According to the invention, a dielectric layer is deposited onto a substrate. Typical substrates include those suitable to be processed into an integrated circuit or other microelectronic device. Suitable substrates for the present invention non-exclusively include semiconductor materials such as gallium arsenide (GaAs), germanium, silicon, silicon germanium, lithium niobate and compositions containing silicon such as crystalline silicon, polysilicon, amorphous silicon, epitaxial silicon, and silicon dioxide (SiO2) and mixtures thereof.

Lines may optionally be on the substrate surface. The lines, when present, are typically formed by well known lithographic techniques and may be composed of a metal, an oxide, a nitride or an oxynitride. Suitable materials for the lines include silica, silicon nitride, titanium nitride, tantalum nitride, aluminum, aluminum alloys, copper, copper alloys, tantalum, tungsten, silicon oxynitride, and other types of dielectrics. These lines form the conductors or insulators of an integrated circuit. Such are typically closely separated from one another at distances preferably of from about 20 microns or less, more preferably from about 1 microns or less, and most preferably of from about 0.05 to about 1 microns.

The dielectric may be on and between the lines. The dielectric composition may comprise any of a wide variety of dielectric forming materials which are well known in the art for use in the formation of microelectronic devices. The dielectric layer may nonexclusively include vapor phase deposited silicon oxide, carbon doped silica, particularly vapor phase deposited carbon doped silica, carbon doped silicon oxide, and silicon oxynitride, silicon containing spin-on glasses, i.e. silicon containing polymer such as an alkoxysilane polymer, a silsesquioxane polymer, a siloxane polymer; a poly(arylene ether), a fluorinated poly(arylene ether), other polymeric dielectric materials, nanoporous silica or mixtures thereof.

One useful polymeric dielectric materials useful for the invention include an nanoporous silica alkoxysilane polymer formed from an alkoxysilane monomer which has the formula:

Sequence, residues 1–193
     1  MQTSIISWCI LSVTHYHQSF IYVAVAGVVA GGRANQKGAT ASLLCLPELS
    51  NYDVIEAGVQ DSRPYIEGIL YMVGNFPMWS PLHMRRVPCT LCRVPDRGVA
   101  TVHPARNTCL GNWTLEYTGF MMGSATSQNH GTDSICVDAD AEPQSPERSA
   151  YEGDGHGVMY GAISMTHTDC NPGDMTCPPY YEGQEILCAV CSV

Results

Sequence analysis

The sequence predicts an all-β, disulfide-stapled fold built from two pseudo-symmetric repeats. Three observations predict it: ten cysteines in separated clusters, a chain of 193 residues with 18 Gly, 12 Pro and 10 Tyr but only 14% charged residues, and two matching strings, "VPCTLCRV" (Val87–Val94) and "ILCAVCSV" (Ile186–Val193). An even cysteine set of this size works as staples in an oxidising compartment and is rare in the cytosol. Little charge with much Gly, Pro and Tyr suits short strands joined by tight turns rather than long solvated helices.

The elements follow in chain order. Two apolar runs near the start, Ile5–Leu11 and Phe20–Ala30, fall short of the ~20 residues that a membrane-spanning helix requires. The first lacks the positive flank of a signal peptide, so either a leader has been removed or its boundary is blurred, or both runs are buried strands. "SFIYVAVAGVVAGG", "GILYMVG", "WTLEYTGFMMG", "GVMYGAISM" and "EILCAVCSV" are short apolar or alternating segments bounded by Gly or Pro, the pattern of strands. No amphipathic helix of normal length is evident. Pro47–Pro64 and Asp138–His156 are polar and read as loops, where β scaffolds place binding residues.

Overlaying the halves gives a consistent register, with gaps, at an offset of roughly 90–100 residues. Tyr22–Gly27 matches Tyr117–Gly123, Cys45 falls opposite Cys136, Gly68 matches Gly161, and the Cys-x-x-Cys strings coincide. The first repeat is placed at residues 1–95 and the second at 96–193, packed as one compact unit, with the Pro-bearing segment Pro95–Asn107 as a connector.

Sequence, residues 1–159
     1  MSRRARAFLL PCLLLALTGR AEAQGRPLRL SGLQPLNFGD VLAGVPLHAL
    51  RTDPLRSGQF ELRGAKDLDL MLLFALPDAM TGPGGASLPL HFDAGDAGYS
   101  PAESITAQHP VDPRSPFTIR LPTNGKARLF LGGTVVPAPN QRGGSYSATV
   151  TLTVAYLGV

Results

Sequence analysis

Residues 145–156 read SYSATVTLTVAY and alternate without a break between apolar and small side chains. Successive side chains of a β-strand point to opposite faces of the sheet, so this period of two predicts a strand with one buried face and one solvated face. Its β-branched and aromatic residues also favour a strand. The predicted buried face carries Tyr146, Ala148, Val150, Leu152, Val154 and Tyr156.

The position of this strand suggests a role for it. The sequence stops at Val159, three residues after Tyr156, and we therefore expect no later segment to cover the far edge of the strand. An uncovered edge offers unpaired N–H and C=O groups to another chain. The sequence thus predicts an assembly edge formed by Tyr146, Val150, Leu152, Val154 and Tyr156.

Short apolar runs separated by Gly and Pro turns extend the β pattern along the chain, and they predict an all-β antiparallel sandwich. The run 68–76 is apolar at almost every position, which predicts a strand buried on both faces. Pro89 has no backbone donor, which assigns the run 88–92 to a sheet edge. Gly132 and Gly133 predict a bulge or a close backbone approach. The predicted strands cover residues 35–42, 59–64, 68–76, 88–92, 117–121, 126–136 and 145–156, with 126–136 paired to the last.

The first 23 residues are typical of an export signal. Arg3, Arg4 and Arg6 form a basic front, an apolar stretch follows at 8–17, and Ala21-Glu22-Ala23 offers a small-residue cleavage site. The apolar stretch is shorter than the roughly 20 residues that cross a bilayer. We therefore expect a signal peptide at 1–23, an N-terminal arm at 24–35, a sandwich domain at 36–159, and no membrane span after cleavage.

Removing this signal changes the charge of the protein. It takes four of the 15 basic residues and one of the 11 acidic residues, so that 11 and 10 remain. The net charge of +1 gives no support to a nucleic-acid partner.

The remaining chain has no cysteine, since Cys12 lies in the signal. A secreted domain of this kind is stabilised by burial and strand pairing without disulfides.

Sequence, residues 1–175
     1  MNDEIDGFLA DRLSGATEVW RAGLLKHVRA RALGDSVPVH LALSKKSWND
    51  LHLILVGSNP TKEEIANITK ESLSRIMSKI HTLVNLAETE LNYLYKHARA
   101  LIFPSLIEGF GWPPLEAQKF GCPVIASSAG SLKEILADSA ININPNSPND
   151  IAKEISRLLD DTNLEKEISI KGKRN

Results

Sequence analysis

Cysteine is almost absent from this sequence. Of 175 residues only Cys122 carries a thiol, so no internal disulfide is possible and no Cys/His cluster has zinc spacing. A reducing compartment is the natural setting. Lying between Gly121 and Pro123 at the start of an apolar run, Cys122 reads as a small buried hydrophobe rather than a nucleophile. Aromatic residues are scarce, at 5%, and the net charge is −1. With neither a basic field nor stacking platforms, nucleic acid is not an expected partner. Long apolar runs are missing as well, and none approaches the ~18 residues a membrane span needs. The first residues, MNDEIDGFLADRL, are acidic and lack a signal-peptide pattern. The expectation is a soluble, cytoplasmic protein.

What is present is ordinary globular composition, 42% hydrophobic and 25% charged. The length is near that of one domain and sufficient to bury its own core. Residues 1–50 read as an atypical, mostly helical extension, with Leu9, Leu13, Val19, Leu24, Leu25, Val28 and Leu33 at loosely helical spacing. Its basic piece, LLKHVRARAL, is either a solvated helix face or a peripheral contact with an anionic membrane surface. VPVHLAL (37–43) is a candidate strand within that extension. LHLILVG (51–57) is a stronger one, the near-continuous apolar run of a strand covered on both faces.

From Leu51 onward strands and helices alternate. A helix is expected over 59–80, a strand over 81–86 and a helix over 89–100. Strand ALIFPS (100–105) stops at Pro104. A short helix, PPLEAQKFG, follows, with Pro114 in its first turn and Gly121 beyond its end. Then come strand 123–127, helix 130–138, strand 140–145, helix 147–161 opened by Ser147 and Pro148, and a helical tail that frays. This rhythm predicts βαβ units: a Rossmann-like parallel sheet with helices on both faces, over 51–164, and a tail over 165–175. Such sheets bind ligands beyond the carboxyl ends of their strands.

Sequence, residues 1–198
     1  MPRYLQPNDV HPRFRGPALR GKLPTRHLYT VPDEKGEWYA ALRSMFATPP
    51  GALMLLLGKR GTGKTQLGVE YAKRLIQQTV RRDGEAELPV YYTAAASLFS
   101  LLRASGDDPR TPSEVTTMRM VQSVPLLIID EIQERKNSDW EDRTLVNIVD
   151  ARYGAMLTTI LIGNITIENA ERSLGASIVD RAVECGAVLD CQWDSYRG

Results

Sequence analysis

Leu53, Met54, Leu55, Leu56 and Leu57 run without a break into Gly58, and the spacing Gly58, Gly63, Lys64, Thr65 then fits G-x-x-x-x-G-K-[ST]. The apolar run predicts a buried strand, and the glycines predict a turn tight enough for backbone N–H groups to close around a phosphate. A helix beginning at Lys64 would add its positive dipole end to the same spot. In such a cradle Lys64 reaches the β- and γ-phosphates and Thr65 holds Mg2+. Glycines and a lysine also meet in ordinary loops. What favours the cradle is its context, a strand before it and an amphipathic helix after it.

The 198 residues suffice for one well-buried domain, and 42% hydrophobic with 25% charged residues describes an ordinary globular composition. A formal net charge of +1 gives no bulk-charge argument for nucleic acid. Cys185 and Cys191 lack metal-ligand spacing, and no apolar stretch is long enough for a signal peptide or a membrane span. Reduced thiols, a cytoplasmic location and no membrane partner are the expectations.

wherein at least 2 of the R groups are independently C1 to C4 alkoxy groups and the balance, if any, are independently selected from the group consisting of hydrogen, alkyl phenyl, halogen, substituted phenyl. Preferably each R is methoxy, ethoxy or propoxy. Such are commercially available from Honeywell International Inc. as Nanoglass™. The most preferred alkoxysilane monomer is tetraethoxysilane (TEOS). Also useful are hydrogensiloxanes which have the formula [(HSiO1.5)xOy]n, hydrogensilsesquioxanes which have the formula (HSiO1.5)n, and hydroorganosiloxanes which have the formulae [(HSiO1.5)xOy(RSiO1.5)z]n, [(HSiO1.5)x(RSiO1.5)y]n and [(HSiO1.5)xOy(RSiO1.5)z]n. In each of these polymer formulae, x=about 6 to about 20, y=1 to about 3, z=about 6 to about 20, n=1 to about 4,000, and each R is independently H, C1 to C8 alkyl or C6 to C12 aryl. The weight average molecular weight may range from about 1,000 to about 220,000. In the preferred embodiment n ranges from about 100 to about 800 yielding a molecular weight of from about 5,000 to about 45,000. More preferably, n ranges from about 250 to about 650 yielding a molecular weight of from about 14,000 to about 36,000. Useful polymers within the context of this invention nonexclusively include hydrogensiloxane, hydrogensilsesquioxane, hydrogenmethylsiloxane, hydrogenethylsiloxane, hydrogenpropylsiloxane, hydrogenbutylsiloxane, hydrogentert-butylsiloxane, hydrogenphenylsiloxane, hydrogenmethylsilsesquioxane, hydrogenethylsilsesquioxane, hydrogenpropylsilsesquioxane, hydrogenbutylsilsesquioxane, hydrogentert-butylsilsesquioxane and hydrogenphenylsilsesquioxane and mixtures thereof Useful organic polymers include polyimides, fluorinated and nonfluorinated polymers, in particular fluorinated and nonfluorinated poly(arylethers) available under the tradename FLARE™ from Honeywell International Inc., and copolymer mixtures thereof The hydroorganosiloxanes, poly(arylene ethers), fluorinated poly(arylene ethers) and mixtures thereof are preferred. Suitable poly(arylene ethers) or fluorinated poly(arylene ethers) are known in the art from U.S. Pat. Nos. 5,155,175; 5,114,780 and 5,115,082. Preferred poly(arylene ethers) and fluorinated poly(arylene ethers) are disclosed in U.S. Pat. No. 6,124,421 filed Dec. 12, 1997 which is incorporated herein by reference.